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Robin Williams, Creativity & Mental Illness

Robin Williams, Creativity & Mental Illness

Robin Williams’ suicide this past week has brought forward some commentators who are linking his creative genius to his mental illness. While we can’t say for certain whether his creativity was due, at least in part, to his mental illness, we can say this — there is a lot less of a link between these two things than most people think.

We should remember Robin Williams and attribute his creativity to where it probably best belongs — to a personality, intelligence and insight into the human condition that few people have.

And we should put to rest the myth that in order to be a creative genius, one must also be mentally ill.

Scott Barry Kaufman, writing over at Scientific American reminds us:

Here’s the thing: Williams’ comedic genius was a result of many factors, including his compassion, playfulness, divergent thinking, imagination, intelligence, affective repertoire, and unique life experiences.

In contrast, his suicide was strongly influenced by his mental illness.

This romanticism of mental illness needs to stop.

He cites his own previous article that takes an in-depth look at the links between mental illness and creativity. It shows that, with few exceptions, there is little relationship between the two.

But his review of one particular study did find something interesting:

What was striking, however, was that the siblings of patients with autism and the first-degree relatives of patients with schizophrenia, bipolar disorder, and anorexia nervosa were significantly overrepresented in creative professions. Could it be that the relatives inherited a watered-down version of the mental illness conducive to creativity while avoiding the aspects that are debilitating?

His conclusion?

The latest research suggests that mental illness may be most conductive to creativity indirectly, by enabling the relatives of those inflicted to open their mental flood gates but maintain the protective factors necessary to steer the chaotic, potentially creative storm.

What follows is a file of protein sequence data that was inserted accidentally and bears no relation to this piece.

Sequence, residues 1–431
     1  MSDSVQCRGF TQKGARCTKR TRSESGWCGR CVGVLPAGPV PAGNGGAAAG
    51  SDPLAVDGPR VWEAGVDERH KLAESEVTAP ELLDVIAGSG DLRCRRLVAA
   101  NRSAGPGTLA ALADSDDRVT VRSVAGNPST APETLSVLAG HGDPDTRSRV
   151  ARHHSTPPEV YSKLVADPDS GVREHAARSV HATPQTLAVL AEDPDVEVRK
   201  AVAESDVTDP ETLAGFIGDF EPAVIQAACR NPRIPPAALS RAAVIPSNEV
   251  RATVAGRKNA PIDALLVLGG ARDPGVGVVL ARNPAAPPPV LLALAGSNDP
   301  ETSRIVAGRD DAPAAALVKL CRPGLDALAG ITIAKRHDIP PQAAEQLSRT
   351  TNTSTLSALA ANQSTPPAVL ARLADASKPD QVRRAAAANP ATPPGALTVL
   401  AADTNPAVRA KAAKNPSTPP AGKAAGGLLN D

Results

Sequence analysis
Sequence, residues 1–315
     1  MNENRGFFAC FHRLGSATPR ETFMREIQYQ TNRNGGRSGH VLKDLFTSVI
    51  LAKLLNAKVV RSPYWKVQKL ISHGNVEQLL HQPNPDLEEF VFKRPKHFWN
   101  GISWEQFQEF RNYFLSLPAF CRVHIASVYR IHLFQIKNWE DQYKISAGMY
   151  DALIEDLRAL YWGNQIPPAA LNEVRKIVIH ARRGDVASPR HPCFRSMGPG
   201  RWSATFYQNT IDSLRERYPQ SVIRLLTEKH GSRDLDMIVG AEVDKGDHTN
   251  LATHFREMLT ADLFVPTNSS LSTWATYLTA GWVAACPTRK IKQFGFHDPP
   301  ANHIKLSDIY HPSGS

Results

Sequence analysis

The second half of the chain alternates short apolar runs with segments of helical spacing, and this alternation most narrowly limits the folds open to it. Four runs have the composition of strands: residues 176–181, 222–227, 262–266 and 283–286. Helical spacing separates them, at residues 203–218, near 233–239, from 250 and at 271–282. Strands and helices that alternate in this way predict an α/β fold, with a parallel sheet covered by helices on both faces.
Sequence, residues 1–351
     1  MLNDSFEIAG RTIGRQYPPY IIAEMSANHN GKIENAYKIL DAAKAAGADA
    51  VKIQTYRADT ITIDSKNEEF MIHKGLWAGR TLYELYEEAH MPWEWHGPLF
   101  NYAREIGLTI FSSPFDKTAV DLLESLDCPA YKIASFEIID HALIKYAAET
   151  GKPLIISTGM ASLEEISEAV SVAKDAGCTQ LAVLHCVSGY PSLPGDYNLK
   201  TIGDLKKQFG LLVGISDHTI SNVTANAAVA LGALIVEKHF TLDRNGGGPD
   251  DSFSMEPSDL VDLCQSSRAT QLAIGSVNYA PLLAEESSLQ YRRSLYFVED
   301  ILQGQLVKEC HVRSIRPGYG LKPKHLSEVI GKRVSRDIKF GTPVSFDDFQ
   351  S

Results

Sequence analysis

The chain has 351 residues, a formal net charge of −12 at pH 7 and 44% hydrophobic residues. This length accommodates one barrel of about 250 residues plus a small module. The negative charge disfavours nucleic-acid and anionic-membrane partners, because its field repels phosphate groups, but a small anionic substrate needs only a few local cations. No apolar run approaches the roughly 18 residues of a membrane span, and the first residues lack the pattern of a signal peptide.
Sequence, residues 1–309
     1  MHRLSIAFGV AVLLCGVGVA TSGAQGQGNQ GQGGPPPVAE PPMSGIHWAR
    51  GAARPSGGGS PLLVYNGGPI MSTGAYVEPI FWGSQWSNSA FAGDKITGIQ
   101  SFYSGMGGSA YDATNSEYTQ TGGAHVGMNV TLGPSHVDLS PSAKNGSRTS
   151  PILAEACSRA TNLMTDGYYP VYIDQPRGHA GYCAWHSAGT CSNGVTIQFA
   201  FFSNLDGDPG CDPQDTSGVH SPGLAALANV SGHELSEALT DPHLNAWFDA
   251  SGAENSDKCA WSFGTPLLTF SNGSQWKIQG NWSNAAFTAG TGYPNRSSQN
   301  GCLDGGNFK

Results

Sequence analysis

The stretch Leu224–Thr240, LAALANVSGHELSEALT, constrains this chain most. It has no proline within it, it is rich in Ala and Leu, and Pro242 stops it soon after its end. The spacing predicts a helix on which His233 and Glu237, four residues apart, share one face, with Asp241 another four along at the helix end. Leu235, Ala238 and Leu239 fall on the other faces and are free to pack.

I think it’s important to note this, since we too often romanticize mental illness and creativity. We look to examples like Vincent van Gogh, and marvel at his beautiful, sometimes-haunting paintings. We think, “Wow, it takes someone a little crazy to paint so well.” But van Gogh and others like him are more often the exception than the rule.

We don’t know how “crazy” Robin Williams truly was, although we do know he has had an off-and-on battle with alcoholism in his life. Some people have said he was being treated for severe depression, although Williams himself previously denied ever having clinical depression.

But I disagree with Kaufman’s conclusion that zero percent of Williams’ mental illness contributed to his creativity.

After all, we are the result of all that we live and experience. Mental illness has the ability to contribute, not just take away, from our lives. Look at the countless numbers of people who have found strength and support in their battle with an illness… And doing great things because of it (not in spite of it).

Robin Williams was a beautiful, talented individual. His gifts to the world will be sorely missed, regardless of exactly where they came from.


Read the full entry: Robin Williams’s Comedic Genius Was Not a Result of Mental Illness, but His Suicide Was

Robin Williams, Creativity & Mental Illness

John M. Grohol, Psy.D.

Dr. John Grohol is the founder of Psych Central. He is a psychologist, author, researcher, and expert in mental health online, and has been writing about online behavior, mental health and psychology issues since 1995. Dr. Grohol has a Master's degree and doctorate in clinical psychology from Nova Southeastern University. Dr. Grohol sits on the editorial board of the journal Computers in Human Behavior and is a founding board member of the Society for Participatory Medicine. You can learn more about Dr. John Grohol here.

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APA Reference
Grohol, J. (2019). Robin Williams, Creativity & Mental Illness. Psych Central. Retrieved on September 26, 2020, from
Scientifically Reviewed
Last updated: 24 May 2019 (Originally: 13 Aug 2014)
Last reviewed: By a member of our scientific advisory board on 24 May 2019
Published on Psych All rights reserved.